When a company makes a decision to franchise, it must first develop a sound plan for expansion. The plan must take into consideration the numerous issues confronting a new franchisor: speed of growth, territorial development, support services, staffing, and fee structure, to name several of the most important issues. Larger companies need to address more complex issues such as channel conflict, anti-trust, and resource allocation issues. And obviously, this entire plan needs to be subjected to rigorous financial analysis and scrutiny to fine-tune the strategy for growth.
Once this plan is in place, the franchisor needs the proper legal documentation. At a minimum, the franchisor will need a Uniform Franchise Disclosure Document (FDD) as required by federal law, and, depending on where franchises are being sold, state registrations or filings. There are literally many different business issues that must be addressed in a good franchise agreement, and the decisions made regarding these issues will ultimately dictate the franchisor’s success.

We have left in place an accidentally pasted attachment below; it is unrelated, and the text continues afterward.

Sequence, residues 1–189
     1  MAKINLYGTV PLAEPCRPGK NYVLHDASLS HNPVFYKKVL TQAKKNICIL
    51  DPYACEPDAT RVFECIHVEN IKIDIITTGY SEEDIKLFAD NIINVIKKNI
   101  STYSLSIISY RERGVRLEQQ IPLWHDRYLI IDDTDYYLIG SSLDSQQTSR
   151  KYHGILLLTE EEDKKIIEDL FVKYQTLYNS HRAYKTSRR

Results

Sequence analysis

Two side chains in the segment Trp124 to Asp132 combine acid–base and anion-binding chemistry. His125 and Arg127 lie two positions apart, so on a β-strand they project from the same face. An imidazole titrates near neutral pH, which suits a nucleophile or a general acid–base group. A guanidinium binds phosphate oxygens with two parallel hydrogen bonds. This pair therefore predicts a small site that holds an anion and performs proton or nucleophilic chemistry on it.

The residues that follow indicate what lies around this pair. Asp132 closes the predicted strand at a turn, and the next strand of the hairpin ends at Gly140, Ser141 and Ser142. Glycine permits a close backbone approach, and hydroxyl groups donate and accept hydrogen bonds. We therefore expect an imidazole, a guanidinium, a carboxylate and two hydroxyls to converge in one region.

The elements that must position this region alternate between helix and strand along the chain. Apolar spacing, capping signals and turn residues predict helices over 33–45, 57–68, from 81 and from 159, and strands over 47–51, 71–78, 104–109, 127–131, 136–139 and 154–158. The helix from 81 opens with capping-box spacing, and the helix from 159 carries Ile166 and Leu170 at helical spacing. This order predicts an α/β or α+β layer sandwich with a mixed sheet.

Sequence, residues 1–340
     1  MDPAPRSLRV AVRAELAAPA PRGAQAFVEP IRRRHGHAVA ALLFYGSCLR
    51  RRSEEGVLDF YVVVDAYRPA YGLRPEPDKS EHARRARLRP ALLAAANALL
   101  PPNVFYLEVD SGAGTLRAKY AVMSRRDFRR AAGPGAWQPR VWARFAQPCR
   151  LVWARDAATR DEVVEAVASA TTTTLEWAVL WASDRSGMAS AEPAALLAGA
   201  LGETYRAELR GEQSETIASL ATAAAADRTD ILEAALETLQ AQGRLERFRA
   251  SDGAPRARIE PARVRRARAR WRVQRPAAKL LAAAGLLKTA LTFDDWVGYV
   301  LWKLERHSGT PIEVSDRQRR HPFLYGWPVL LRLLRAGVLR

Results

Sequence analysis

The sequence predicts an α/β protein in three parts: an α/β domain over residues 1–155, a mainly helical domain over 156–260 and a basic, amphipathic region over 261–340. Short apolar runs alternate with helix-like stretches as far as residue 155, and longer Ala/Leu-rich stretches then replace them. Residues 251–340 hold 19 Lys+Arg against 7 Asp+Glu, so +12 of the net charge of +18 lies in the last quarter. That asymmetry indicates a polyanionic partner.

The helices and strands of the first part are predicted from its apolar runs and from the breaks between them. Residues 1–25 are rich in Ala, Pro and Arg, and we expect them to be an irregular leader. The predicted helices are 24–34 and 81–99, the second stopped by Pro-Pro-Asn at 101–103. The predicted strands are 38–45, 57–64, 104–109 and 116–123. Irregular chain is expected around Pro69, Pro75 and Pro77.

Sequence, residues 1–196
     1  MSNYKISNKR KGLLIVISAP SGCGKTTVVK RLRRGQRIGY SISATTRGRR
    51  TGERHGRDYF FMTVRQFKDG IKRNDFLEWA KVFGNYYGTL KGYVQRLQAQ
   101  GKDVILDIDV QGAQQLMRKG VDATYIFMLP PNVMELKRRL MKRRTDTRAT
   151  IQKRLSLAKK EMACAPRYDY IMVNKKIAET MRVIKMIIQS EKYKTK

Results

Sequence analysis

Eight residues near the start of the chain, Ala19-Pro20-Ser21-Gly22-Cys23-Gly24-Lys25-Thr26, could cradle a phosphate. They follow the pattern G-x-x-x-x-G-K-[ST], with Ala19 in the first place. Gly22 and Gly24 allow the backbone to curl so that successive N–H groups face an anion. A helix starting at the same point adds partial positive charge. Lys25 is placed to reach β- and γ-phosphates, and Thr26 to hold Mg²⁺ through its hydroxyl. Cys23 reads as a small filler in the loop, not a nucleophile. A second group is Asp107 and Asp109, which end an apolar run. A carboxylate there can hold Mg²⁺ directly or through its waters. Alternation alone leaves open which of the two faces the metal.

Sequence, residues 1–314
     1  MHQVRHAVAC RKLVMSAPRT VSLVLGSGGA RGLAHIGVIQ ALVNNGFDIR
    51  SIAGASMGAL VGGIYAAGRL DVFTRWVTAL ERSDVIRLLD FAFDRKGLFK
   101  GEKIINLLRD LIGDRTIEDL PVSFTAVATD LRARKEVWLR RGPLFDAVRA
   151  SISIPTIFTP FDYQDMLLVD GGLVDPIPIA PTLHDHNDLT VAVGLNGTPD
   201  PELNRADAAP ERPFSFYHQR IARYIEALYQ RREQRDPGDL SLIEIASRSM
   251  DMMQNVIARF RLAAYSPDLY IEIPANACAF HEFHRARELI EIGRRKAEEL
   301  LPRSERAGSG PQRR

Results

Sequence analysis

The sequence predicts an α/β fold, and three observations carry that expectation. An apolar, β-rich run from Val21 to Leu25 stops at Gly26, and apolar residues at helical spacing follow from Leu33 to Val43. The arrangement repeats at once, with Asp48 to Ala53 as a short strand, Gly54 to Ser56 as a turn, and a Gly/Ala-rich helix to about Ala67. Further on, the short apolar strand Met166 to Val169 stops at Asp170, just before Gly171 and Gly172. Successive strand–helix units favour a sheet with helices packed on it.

Quality control for a new franchisor involves the development of highly developed systems. Generally, this translates into the development of an operations manual. This manual must contain not only the systems used by the business, but also the checklists, policies, procedures, and tactics that will allow these systems to be uniformly enforced.
Moreover, operations manuals must be careful to avoid the creation of an agency and must also address issues that could create claims of negligence if the franchisor is to maintain an effective shield from consumer liability.
Finally, the new franchisor must develop the ability to market and sell franchises. That requires knowledge of how to attract the prospective buyer (brokers, web portals, webinars, etc.) and the necessary materials (brochures, mini-brochures, DVDs, etc.) that will help make the sale. Moreover, since the franchise sales process is highly regulated, the franchisor needs to be educated in proper sales, disclosure, and compliance techniques.